Shadow health secretary Wes Streeting said following their example was ‘desirable’ and that there was a public ‘appetite’ to act.
Earlier this year, a shock MailOnline investigation into the nation’s vaping epidemic uncovered sweet shops promoting vapes.
Child health experts claimed our dossier was ‘scary’ proof that firms are desperately trying to lure kids in.
ASH, a charity dedicated to ending the decades of harm caused by tobacco, wants a specific £5 tax put on disposable vapes.
Ministers are currently considering adopting tougher policies to curb the crisis.
A loophole that allowed retailers to give free vape samples to children in England has already been closed.
The Prime Minister last week hinted he will ban predatory marketing tactics, claiming the use of cartoon characters, fruity flavours and bright colours to sell the nicotine-filled devices was ‘completely unacceptable’.
HOW DO SMOKING RATES COMPARE? According to the research platform OurWorldInData, fewer than 15 percent of New Zealanders smoked in 2020 compared to around a fifth of Americans
Britain’s Prime Minister Rishi Sunak and Chief Medical Officer Professor Sir Chris Whitty visit a lab testing vaping products at Kent Scientific Services in West Malling, Kent, in May 2023
House of Candy, where a MailOnline investigation found large amounts of vapes advertised in the window, while the shop is packed with sweets
Tests on e-cigarettes confiscated from youngsters found they contained dangerous levels of lead, nickel and chromium. Some were almost 10 times above safe limits. Exposure to lead can impair brain development, while the other two metals can trigger blood clotting
Prime Candy on Oxford Street, where MailOnline found huge vape displays alongside many different types of American sweets
NHS Digital data, based on the Smoking, Drinking and Drug Use among Young People in England survey for the year 2021, showed 30 per cent of children in Yorkshire and the Humber have used a vape
Everything you need to know about e-cigarettes
How much nicotine is in an e-cigarette?
There are many different brands of e-cigarettes, containing various different nicotine levels.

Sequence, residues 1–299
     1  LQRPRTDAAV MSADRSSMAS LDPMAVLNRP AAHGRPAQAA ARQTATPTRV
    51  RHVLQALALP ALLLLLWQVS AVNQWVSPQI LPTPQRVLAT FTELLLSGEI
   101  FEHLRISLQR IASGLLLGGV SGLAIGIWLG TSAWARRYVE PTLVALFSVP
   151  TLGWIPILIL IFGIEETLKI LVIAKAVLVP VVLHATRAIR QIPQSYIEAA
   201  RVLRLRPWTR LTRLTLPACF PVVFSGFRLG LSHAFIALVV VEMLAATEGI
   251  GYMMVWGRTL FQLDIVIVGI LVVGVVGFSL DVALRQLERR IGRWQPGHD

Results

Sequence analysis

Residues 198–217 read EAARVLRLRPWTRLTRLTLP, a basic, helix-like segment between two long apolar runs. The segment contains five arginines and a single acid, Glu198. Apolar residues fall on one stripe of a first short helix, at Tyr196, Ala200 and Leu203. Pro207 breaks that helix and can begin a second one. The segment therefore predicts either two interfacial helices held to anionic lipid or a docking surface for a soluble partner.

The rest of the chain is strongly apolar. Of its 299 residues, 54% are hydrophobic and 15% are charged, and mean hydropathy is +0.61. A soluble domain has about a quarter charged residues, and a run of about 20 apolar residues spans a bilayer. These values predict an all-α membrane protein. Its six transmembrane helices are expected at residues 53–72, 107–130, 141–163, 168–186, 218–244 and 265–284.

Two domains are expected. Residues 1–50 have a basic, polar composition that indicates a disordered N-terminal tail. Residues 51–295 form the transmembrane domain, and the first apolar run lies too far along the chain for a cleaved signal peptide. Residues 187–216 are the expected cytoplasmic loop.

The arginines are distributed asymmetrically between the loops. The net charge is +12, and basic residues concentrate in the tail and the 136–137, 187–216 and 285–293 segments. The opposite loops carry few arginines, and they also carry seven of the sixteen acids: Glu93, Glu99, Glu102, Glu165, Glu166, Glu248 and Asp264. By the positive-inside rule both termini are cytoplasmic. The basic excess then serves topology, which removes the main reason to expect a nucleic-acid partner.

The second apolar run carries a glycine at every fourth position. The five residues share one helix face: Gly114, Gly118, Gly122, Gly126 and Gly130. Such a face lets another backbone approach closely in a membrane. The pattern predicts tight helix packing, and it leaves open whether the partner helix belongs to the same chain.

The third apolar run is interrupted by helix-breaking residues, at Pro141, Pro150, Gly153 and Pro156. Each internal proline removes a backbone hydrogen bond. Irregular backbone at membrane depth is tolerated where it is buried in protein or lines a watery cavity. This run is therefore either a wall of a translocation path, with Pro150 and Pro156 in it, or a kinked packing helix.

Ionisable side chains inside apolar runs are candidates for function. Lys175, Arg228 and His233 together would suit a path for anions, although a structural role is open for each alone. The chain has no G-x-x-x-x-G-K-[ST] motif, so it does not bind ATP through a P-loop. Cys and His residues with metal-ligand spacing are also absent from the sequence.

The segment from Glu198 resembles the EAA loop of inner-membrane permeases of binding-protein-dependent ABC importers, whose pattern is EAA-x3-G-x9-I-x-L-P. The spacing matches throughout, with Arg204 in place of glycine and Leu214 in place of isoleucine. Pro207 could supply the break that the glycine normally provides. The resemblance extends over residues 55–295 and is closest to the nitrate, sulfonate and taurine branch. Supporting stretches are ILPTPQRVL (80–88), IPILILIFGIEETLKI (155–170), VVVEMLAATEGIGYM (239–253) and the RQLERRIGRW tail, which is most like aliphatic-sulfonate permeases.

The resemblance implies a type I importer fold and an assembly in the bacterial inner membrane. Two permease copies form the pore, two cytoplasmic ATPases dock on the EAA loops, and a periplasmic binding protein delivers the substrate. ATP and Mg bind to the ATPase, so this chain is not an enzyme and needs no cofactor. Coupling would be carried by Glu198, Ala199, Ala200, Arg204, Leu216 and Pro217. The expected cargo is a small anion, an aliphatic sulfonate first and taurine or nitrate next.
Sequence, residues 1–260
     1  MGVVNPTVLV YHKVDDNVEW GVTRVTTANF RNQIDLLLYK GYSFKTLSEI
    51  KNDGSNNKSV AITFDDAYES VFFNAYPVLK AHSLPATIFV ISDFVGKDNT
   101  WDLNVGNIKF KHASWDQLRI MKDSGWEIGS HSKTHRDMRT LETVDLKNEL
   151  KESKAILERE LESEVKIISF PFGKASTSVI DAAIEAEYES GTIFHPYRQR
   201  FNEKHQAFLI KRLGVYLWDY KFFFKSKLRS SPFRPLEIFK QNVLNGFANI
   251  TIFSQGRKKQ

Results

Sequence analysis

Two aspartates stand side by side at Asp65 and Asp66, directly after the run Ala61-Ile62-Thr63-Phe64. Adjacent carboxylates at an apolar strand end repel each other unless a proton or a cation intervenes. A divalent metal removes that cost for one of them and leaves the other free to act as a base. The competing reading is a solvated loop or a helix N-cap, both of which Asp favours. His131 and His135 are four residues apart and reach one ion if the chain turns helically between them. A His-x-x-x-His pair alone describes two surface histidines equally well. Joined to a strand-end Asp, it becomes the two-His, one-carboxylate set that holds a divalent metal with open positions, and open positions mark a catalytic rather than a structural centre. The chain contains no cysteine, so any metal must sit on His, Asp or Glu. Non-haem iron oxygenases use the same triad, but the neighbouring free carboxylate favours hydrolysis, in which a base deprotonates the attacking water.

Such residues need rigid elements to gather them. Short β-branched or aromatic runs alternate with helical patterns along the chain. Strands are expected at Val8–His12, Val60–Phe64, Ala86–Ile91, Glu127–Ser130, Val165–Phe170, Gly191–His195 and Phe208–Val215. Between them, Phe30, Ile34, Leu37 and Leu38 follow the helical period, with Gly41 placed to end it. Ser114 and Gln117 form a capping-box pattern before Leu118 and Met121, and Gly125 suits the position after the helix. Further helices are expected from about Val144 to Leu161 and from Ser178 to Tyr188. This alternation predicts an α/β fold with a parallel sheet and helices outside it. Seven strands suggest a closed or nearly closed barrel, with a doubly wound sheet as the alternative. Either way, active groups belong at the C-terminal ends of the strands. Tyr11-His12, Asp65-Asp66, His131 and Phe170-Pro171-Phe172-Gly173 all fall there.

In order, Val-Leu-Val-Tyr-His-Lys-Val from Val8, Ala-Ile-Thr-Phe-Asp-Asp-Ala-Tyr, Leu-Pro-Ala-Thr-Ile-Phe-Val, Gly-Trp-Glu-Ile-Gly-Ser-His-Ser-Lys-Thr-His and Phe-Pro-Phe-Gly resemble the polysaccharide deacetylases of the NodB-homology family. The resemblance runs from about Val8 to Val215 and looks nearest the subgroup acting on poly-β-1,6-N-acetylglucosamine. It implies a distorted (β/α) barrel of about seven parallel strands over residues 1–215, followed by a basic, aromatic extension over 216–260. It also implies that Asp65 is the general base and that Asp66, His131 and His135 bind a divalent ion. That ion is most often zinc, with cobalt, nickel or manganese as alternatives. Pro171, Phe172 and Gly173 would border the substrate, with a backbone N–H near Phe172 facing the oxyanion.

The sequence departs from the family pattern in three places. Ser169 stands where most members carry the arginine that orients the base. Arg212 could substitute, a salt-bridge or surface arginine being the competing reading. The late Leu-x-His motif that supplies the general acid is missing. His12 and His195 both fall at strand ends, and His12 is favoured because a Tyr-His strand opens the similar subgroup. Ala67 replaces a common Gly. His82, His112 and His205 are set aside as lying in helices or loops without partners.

The legal amount of nicotine in an e-liquid capacity in the UK is 20mg/ml equating to between 600 and 800 puffs.
The Elf Bar 600, one of Britain’s most popular vapes, is advertised as coming in nicotine strengths of 0mg, 10mg and 20mg.
How many cigarettes are ‘in’ an e-cigarette?
The Elf Bar 600 contains the equivalent to 48 cigarettes, analysts say.
It delivers 600 puffs before it needs to be thrown away, meaning, in theory, every 12.5 puffs equate to one cigarette.
Experts say for many e-cigarettes, 100 puffs equate to ten normal cigarettes.
Elf Bars are a brand of e-cigarettes often sold in snazzy colours and with child-friendly names and flavours, like blue razz lemonade and green gummy bear
Is vaping better for your health than cigarettes?
Vaping products are considered to be better than cigarettes as users are exposed to fewer toxins and at lower levels, according to the NHS.
The health service adds that vaping instead of smoking cigarettes reduces your exposure to toxins that can cause cancer, lung disease and diseases of the heart and circulation, such as strokes and heart attacks.
Public Health England, which is now defunct, published an expert independent review in 2015 concluding that e-cigarettes are around 95 per cent less harmful than cigarettes.
However vaping is not risk-free, as while levels in tobacco-products are much higher, e-cigarettes still contain harmful toxins, according to a study by researchers from the Medical University of Silesia in Poland.
And Dr Onkar Mudhar, a London dentist who posts videos on TikTok, said Elf bars can cause gum inflammation, swelling and bleeding.
He said this is because nicotine dries out your mouth and reduces saliva, causing irritation from a build-up of bacteria and food that can’t get washed away.
Nearly 350 hospitalisations due to vaping were logged in England in 2022, which are thought to be mainly down to respiratory problems, such as shortness of breath, chest pain, lung inflammation and, in severe cases, respiratory failure.